Sometimes I feel sorry for our kids.
Generally this sympathy is brought about by one incident or another that makes me say, "Wow. You really are my kid," or likewise makes Derek say, "You really are your mother's daughter/son."
Last week's situation involved Atticus having an outburst in his bedroom at naptime. Upon hearing his sudden shrieks, I loped up the stairs, ran into his room, and asked, "What's the matter, Bud?" He cried/yelled, "There's something on my eyes!" My thoughts immediately ran to logical explanations like blindness due to acid in his eyes (because you know we keep a vat of acid in the corner of our childrens' bedroom), so I rushed over, knelt down, and tried to gently pull his eyelids up. He resisted and said, "No, HERE!"
He then ran his fingertips over his eyebrows.
A few weeks before that, it took me the better part of an afternoon to finally figure out what was bothering Adelaide. All she would tell me was that she had done something bad and was afraid that I wouldn't love her anymore, and worse, that God wouldn't love her anymore. I petted and soothed her enough to where she finally admitted, sobbing, that "I bowed down to Atticus!"
It took me a bit to figure out exactly what she meant and what had happened; something about how she was bowing down for some reason or other, Atticus happened to come stand in front of her, and after all the Old Testament stories we've been reading about people like Shadrach, Meshach, and Abednego, she thought that literally bowing down in front of anyone but Jesus Himself would earn her a one-way ticket to Hell. It took quite a while to calm her down after this one.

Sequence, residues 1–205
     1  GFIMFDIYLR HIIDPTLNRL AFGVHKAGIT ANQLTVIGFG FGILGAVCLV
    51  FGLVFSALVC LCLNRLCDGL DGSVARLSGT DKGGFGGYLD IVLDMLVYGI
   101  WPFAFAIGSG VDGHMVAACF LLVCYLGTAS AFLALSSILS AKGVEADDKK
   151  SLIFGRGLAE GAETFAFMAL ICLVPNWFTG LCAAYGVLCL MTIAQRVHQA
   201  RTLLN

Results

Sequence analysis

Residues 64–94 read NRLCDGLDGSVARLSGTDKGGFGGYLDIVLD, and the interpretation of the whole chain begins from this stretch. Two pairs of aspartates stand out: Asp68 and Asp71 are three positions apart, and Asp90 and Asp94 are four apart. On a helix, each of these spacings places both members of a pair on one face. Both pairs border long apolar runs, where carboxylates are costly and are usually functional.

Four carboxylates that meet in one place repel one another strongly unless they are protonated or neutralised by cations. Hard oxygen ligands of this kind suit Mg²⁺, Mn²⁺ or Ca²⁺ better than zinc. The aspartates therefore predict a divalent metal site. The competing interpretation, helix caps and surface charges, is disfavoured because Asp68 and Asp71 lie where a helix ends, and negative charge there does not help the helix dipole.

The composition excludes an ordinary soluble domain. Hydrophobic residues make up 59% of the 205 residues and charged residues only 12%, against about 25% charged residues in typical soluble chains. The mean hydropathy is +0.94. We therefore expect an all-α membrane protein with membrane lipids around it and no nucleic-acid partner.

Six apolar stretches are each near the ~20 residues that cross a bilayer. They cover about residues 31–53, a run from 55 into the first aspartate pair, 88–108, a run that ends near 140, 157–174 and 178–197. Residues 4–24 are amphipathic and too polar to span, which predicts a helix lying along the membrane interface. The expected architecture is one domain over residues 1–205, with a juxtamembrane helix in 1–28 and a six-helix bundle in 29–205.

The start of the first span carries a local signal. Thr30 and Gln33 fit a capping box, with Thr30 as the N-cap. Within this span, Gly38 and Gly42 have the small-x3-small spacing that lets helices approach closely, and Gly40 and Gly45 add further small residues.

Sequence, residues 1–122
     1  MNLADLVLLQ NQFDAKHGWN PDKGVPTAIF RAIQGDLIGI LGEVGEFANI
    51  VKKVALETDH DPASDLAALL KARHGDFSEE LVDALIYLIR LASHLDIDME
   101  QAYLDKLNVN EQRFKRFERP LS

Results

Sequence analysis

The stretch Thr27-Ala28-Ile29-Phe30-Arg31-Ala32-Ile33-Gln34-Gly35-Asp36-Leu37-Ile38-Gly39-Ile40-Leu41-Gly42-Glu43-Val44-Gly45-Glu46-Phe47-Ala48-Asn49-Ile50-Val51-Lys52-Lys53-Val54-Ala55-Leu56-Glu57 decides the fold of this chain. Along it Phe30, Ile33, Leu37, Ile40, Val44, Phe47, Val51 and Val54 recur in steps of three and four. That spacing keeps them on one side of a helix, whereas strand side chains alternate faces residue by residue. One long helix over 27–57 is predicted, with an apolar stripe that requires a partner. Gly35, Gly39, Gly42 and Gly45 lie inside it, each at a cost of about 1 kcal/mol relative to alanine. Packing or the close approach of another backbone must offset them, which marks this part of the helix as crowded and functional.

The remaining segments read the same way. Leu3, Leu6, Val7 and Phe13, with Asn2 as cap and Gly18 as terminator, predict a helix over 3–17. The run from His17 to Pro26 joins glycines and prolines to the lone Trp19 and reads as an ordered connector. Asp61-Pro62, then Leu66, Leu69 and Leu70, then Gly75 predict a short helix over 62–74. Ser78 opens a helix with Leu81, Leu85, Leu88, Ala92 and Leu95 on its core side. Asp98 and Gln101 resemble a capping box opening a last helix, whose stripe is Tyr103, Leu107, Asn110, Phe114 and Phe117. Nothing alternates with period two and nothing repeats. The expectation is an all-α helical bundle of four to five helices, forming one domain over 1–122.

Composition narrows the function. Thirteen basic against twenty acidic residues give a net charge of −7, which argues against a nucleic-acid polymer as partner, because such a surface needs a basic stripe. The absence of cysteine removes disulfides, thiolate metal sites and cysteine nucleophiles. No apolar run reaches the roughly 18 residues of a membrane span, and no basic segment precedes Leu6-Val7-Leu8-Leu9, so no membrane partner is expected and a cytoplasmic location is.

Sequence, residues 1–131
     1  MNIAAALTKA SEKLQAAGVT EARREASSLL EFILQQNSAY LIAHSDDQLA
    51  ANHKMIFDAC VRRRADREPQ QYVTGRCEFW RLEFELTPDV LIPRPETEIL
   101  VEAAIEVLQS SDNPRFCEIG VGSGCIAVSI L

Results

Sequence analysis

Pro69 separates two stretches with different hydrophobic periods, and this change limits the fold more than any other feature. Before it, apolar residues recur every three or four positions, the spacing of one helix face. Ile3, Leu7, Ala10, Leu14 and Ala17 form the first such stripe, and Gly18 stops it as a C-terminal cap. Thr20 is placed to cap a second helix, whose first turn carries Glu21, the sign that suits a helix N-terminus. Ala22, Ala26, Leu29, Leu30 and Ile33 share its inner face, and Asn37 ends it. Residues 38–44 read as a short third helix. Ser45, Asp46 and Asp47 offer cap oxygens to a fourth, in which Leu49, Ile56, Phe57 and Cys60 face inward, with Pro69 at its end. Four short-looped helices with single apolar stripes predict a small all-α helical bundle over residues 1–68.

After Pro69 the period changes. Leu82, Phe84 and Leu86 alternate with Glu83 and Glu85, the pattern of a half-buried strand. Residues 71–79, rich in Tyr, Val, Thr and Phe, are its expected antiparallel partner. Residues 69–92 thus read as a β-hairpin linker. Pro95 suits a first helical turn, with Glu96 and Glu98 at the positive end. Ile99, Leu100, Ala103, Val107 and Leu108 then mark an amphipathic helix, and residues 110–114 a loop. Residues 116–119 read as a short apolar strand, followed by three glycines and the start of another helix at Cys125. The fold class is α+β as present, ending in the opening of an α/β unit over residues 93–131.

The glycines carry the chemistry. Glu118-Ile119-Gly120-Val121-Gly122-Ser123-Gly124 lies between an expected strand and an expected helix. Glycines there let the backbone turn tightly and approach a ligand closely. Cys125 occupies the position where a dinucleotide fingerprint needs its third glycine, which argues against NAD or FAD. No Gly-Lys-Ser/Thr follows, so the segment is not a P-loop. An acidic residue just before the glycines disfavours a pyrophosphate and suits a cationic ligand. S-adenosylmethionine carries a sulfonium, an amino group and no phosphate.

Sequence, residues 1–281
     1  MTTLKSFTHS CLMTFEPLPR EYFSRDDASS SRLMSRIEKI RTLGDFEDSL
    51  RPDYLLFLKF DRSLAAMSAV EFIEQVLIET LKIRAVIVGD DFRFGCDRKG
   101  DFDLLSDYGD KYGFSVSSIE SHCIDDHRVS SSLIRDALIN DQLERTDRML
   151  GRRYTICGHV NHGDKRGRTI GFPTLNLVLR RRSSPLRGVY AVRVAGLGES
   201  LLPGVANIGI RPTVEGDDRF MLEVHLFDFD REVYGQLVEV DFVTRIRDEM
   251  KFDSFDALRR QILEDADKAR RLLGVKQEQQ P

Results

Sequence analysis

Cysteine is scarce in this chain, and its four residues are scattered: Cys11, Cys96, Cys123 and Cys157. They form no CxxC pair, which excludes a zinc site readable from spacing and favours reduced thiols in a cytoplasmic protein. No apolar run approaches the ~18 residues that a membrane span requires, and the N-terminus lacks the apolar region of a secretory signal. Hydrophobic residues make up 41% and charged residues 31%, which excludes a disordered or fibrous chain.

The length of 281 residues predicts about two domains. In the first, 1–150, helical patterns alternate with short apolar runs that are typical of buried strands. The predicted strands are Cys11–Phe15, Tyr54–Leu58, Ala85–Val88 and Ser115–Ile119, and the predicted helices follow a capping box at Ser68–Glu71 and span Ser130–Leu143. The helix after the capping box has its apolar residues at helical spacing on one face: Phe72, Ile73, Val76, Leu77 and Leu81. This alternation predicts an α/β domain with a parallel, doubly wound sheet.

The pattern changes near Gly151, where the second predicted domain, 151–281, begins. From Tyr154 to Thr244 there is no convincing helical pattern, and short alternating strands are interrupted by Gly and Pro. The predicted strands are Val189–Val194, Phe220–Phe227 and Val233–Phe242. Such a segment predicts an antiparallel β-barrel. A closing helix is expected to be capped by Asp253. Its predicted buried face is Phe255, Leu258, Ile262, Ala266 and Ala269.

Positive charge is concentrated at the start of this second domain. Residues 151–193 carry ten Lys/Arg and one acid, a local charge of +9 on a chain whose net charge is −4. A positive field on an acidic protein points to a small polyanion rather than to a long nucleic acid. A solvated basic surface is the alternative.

I can only imagine what Derek must think during these little kid-crises- perhaps that he should have been a little more choosy in his search for a wife and subsequent mother of his children?
I am well able to understand what our kiddos are thinking during these episodes. They're probably similar to the kind of thoughts I have when I wake up in the middle of the night, it seems especially bright outside our bedroom window, and my first thought is, "Aliens. I knew it."
Our son's little eyebrow scare mostly likely brought forth feelings like the ones I had the other night when, after calming Atticus down at around 2 am, I crawled back into bed, Derek rolled over in his sleep, and one of his hands came to rest near my leg. His fingers were on part of my pajama pants, and somehow, every time he inhaled, his hand moved a fraction, and it plucked at the material of my pajamas. I chuckled over this for a second, until horror overcame the humor, because I rapidly managed to convince myself that due to the fact that he was lying on his back, his hand couldn't have been facing that way and performed that strange plucking action; instead, he must have sprouted another hand off of his hip, and it was this new limb that was snagging my clothing, trying to get my attention.
It took me a full minute to gather the courage to throw the covers back and see if there was an extra hand near his abdomen. I'll save you the suspense: there wasn't.
So although our children may seem crazy now, don't worry. Strong evidence suggests that while they may not outgrow this paranoia, they will become rather skilled at hiding it from the public at large.